Releasing Design Systems

Delivering Interconnected Outputs to Adopters Over Time


#1 of 6 of the series Releasing Design Systems: Outputs | Cadence | Versions | Breaking | Dependencies | Process

Companies realize a design system’s value when adopting products use a system to make and ship experiences that their customers use. As a part of that value chain, the system releases features over time. This puts the system into the hands of its customer: designers and engineers doing their job.

Strong system teams take releases seriously. They don’t see themselves as releasing just component library code. Instead, they deliver many more outputs: design tokens, documentation, design assets, and other resources.

This series describes many facets of releasing design systems. It begins by defining a system’s many outputs and where they are delivered. Subsequent articles cover topics of cadence, versioning, breaking changes, dependencies, and a step-by-step approach.

These stories reflect what I’ve learned releasing systems working with teams like Discovery Education, Morningstar, Target, and REI. They are elevated by insights from colleagues at Salesforce, Adobe, Atlassian, Shopify and Financial Times. Thanks for graciously sharing your time and practices!

Outputs: What‘s Released?

Design systems programs release many types of outputs, not just code. As a result, a system should differentiate and communicate this range of versioned outputs to developers, designers, and other customers.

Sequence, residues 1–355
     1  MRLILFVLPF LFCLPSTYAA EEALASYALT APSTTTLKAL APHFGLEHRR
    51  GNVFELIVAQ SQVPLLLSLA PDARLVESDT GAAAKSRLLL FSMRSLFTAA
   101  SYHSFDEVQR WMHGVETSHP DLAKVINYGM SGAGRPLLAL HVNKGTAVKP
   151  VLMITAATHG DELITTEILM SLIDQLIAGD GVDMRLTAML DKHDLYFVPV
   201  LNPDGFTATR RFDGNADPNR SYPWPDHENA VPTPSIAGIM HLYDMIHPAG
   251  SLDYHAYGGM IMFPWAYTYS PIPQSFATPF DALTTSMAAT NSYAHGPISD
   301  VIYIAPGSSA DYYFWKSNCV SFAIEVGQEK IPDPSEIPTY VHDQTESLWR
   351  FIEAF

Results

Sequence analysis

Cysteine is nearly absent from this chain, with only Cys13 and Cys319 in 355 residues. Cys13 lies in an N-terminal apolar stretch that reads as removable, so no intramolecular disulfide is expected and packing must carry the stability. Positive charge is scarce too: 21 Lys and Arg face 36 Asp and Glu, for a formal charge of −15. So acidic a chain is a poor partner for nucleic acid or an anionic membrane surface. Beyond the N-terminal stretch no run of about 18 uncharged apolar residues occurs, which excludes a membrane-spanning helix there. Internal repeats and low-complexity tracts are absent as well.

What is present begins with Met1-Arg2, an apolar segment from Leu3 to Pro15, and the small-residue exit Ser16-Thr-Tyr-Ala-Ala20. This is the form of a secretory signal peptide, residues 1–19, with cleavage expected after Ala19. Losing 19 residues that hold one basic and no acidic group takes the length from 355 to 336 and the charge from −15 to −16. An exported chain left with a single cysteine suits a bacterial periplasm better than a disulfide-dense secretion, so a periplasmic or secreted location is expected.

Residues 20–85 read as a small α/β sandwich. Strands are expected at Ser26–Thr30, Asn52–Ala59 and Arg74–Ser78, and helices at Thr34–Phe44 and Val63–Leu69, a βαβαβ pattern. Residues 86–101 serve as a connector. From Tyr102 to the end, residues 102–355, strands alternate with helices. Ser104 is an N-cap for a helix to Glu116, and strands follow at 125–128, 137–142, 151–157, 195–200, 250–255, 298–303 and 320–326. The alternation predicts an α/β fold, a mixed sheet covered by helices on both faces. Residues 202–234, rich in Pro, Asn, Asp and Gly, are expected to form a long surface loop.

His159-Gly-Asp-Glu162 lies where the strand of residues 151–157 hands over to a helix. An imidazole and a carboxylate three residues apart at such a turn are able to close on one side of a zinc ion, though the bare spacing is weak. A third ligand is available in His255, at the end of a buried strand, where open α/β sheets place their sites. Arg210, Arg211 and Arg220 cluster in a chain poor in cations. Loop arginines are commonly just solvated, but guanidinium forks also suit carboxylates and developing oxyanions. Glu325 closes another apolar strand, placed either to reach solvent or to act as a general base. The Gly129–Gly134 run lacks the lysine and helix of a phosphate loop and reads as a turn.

Code, the Source of Truth

Most systems offers a single source of truth of presentation layer code as:

Diagram of code tokens, components, and doc site


In addition, other prominent outputs may be released separately:

Design Assets

Most teams limit understanding of what they release to simple “we release code.” It’s eye opening for them to realize that they publish so many other tools that change over time. They include:

Diagram of design assets, fonts, icons and other resources

Documentation Site

Design systems need a home, a place everyone knows they can find a path to everything that will have the latest and greatest. Housed at a memorable URL, it’s often built with UI components specific to it’s mission.

Diagram of documentation in code and on site

Destinations: Where Does It Go?

When distributing code and design assets, it’s vital to offer the code in manners most easily consumed by your adopting engineers. This means that some systems must offer choice across a many options, while others can rely upon a single choice as organizational standard.

Diagram of doc site, registry and hosted assets

For Code

Bootstrap and Material Design Lite are examples releasing to 2+ destinations.

For Design Toolkits

Need help with your system?

EightShapes can energize your efforts to coach, workshop, assess or partner with you to design, code, document and manage a system.